• to undergo a background investigation, which may include drug testing and testing for tuberculosis or other infectious diseases
      • to participate in one or more in-person interviews; and
      • to be fingerprinted.
      • Please keep in mind that background investigations can take up to 4-5 months. It is, therefore, essential that students start the process far enough in advance to insure that they can meet all applicable deadlines.
    • Step 7 : Once a student has been accepted by an agency into its internship program, the student must scan and email to Dr. Vogel the School's "Internship Data Form " (document hyper-linked above, in the right column) to Dr. Vogel. This form requires your signature and the signature of your site supervisor.  

    Registering for CRJU492. After the "Internship Data Form " has been submitted and approved, Dr. Vogel will issue an electronic permit, which will allow the student to enroll in CRJU 492. The student must then REGISTER for the course.  The issuance of a permit does not register a student, but allows him/her to register.

    The University's usual registration deadlines do not apply to CRJU 492! Students will NOT be permitted to add CRJU 492 after the specific deadline to register for CRJU 492, which is two weeks (14 days) prior to the start of a semester. Thus, even though the add/drop period for classes may still be open for other classes, students seeking to enroll in CRJU 492 will be prevented from doing so since internships must be secured in advance of the start of any given semester. The same registration deadline applies to CRJU 497: Independent Study.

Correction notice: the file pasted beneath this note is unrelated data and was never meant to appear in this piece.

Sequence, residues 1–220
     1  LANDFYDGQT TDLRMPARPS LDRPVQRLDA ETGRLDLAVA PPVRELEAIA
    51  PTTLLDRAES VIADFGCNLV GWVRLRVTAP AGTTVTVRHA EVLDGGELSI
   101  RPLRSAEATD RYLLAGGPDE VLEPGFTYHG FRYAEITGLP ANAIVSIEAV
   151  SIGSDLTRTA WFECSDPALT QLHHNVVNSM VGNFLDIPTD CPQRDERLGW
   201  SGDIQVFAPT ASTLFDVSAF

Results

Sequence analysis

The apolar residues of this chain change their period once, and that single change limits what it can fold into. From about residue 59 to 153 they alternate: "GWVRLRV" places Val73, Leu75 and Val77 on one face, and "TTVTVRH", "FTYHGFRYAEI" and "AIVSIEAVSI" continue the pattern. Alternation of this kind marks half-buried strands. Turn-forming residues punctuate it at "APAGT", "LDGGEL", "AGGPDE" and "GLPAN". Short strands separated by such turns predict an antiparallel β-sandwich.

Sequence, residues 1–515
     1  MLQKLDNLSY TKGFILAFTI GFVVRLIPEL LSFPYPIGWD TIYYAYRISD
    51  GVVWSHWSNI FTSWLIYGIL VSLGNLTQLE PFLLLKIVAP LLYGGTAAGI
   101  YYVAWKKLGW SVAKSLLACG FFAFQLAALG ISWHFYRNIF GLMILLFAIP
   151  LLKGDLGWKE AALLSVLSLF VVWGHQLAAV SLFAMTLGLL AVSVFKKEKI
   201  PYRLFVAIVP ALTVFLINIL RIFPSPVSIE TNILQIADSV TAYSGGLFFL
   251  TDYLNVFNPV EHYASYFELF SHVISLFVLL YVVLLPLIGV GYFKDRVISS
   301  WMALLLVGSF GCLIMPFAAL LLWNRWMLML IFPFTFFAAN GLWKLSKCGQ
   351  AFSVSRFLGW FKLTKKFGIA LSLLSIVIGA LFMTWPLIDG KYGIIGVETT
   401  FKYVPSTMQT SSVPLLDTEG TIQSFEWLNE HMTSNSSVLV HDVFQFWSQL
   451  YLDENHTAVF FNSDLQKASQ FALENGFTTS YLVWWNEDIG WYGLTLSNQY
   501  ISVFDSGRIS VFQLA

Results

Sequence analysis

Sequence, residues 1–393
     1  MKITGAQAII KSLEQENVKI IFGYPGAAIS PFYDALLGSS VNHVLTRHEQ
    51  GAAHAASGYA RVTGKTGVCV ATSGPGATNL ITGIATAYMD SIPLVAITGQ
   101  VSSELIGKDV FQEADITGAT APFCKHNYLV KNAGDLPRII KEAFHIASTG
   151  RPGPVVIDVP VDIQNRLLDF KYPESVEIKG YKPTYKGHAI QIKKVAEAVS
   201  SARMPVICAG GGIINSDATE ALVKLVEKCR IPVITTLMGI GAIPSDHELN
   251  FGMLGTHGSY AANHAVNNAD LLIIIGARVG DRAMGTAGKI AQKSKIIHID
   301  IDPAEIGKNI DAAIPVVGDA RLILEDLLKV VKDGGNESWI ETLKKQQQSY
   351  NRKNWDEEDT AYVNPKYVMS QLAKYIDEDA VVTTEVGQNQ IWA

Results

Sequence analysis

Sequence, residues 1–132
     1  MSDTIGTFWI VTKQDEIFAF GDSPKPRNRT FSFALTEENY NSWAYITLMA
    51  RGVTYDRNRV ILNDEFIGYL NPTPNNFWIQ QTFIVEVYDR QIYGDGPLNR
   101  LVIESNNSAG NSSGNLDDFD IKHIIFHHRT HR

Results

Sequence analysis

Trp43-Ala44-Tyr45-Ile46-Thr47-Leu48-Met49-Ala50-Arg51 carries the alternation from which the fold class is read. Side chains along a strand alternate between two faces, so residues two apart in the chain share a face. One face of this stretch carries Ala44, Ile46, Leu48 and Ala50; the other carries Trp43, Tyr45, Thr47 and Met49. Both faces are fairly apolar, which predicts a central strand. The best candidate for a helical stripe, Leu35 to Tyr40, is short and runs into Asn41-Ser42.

Internship Requirements.  Successful completion of CRJU 492 requires students to (1) complete 130 hours of on-site work at their internship, and (2) complete a number of writing assignments.

    Internship Hours.  All students who do an internship must complete 130 hours of on-site work.  These 130 hours are expected to be completed in the semester during which the student is registered for CRJU 492.  The 130 hours do not include the time it takes to get to and from an internship site.  Moreover, the 130 hours do not include any training time that may be required for a student to participate in an internship.  It is therefore highly advisable for students to discuss their work hours with their site intern advisor prior to committing to an internship. Students MAY NOT begin thier hours before the start of the semester.

    Writing Assignments.  Dr. Vogel will assign each intern to a faculty member who will evaluate the intern's written work. That faculty member will provide the intern with a syllabus outlining the specific requirements of the writing assignments for CRJU 492. At a minimum, students are required to maintain a daily time log (sample document hyper-linked above in the right column); write journal entries; and write a paper that blends scholarly research with coursework, and on-site observations. 

    Grading.  The agency evaluation of a student’s work at his/her internship constitutes at most one-third (33%) of final course grade in CRJU 492.  Students are responsible for insuring that their internship site supervisor receives and completes an evaluation form (hyperlinked above, right column). Another third (33%) of the final course grade will be based upon student performance on a final paper which will be graded using the internship paper grading rubric (hyper-linked above in the right column). The final third (33%) of the final course grade will be based upon journal entries and the timely submission of required time logs.



Criminology & Criminal Justice Internship Coordinators

For enrollment questions please contact Dr. Brenda Vogel

Office: E-Tec 233


For placement questions please contact Professor Ron Mark

Office: HSD 118


Internship Handbook

Orientation PowerPoint Presentation

Approved Internship Sites

Submit the following Internship Data Form form to Dr. Vogel once you have secured an internship site:

Internship Data Form

Use these documents during your internship: